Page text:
It was said with the extreme of simplicity, and not until the words were there floating in the air between her and Miss Silver did it occur to Lyndall that they were not true. Philip was no more her cousin than Perry was, but whereas it was quite simple to explain Perry, she found it impossible to explain Philip. There was no cousinship between them, but take that tie away, and it left too many others. She could not speak his name without feeling them pull at her heart.

Miss Silver, watching her with attention, was aware of something that was hurt and winced away. No one less experienced in observation, less sensitive to atmosphere, would have noticed it at all. It was the slightest, the most momentary thing---not, she thought, because it was evanescent in character, but because there was a strong habit of control.

Almost without any pause at all Lyndall was saying, “But Anne wouldn’t be meeting anyone today---at least I don’t see how she could. They are just moving into a flat in Tenterden Gardens. She was only coming up from Jocelyn’s Holt this afternoon, after seeing things off from there. Lilla Jocelyn, the cousin I’m staying with, has gone round to help her unpack. I don’t see how she can have been meeting Miss Collins.”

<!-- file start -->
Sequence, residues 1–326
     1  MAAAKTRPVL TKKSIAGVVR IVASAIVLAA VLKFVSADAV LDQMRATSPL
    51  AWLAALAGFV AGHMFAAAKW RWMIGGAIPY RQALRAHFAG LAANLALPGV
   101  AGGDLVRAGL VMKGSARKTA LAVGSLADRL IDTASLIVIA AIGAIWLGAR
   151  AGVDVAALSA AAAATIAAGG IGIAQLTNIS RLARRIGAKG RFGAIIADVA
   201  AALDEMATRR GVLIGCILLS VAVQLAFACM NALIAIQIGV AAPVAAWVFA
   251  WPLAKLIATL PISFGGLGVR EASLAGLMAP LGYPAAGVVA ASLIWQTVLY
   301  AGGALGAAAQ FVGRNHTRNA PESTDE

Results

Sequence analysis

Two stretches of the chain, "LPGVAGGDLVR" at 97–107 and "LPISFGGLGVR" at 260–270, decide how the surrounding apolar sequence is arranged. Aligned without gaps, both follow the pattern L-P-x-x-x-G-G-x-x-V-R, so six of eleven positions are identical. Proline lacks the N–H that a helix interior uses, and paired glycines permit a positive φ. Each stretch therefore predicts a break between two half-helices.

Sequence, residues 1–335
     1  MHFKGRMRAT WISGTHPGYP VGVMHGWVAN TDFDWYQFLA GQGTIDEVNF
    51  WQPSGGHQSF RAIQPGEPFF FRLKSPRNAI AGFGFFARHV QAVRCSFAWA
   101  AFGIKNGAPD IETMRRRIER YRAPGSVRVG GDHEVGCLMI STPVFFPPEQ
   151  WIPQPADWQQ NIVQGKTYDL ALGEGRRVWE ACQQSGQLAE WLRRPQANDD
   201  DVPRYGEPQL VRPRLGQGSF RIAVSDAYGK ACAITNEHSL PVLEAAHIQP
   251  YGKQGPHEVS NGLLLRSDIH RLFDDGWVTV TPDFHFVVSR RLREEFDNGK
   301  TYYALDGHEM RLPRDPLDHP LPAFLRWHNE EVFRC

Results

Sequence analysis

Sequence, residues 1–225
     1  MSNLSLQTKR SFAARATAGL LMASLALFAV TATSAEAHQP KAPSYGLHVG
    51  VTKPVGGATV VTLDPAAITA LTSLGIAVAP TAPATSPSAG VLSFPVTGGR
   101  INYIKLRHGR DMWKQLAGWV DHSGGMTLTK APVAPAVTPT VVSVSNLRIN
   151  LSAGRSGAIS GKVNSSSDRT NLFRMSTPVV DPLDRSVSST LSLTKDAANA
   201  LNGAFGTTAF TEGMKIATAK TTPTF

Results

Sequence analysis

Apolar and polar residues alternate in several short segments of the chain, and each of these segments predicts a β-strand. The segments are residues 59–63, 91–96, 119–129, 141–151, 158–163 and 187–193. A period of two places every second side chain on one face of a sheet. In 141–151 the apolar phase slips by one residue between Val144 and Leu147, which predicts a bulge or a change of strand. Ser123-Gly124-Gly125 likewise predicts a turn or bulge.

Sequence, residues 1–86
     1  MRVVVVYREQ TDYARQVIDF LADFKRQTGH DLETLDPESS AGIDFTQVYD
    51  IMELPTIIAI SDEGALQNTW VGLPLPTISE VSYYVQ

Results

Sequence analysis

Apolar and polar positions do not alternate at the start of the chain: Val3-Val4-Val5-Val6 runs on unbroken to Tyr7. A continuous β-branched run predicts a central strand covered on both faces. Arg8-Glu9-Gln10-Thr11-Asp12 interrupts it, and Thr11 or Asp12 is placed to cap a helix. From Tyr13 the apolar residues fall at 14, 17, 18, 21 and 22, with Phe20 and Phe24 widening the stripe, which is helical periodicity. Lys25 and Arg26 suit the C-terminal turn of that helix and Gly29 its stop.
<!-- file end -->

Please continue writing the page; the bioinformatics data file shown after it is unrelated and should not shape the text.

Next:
“Miss Collins was certainly expecting to meet Lady Jocelyn----” Miss Silver paused and added, “under the clock at Waterloo.”

Lyndall looked at her rather blankly. She was feeling as if she had missed a step in the dark. Jarred, surprised, not quite knowing where she was---it was just like that. In her mind she was looking at a thin line of light along the edge of a door. The door wasn’t quite shut. The light ran along the edge of it like a fine gold wire. She heard a voice say, “You might just as well let me write to Nellie Collins.” It might have been Anne’s voice, but she wasn’t sure---she couldn’t get nearer to it than that. And a man said, “That is not for you to say.” The inexplicable feeling of fear and shame which had come on her in the passage behind the hairdresser’s shop touched her again. She gave a little quick shiver and said, “Won’t you have some more tea? Please let me take your cup.”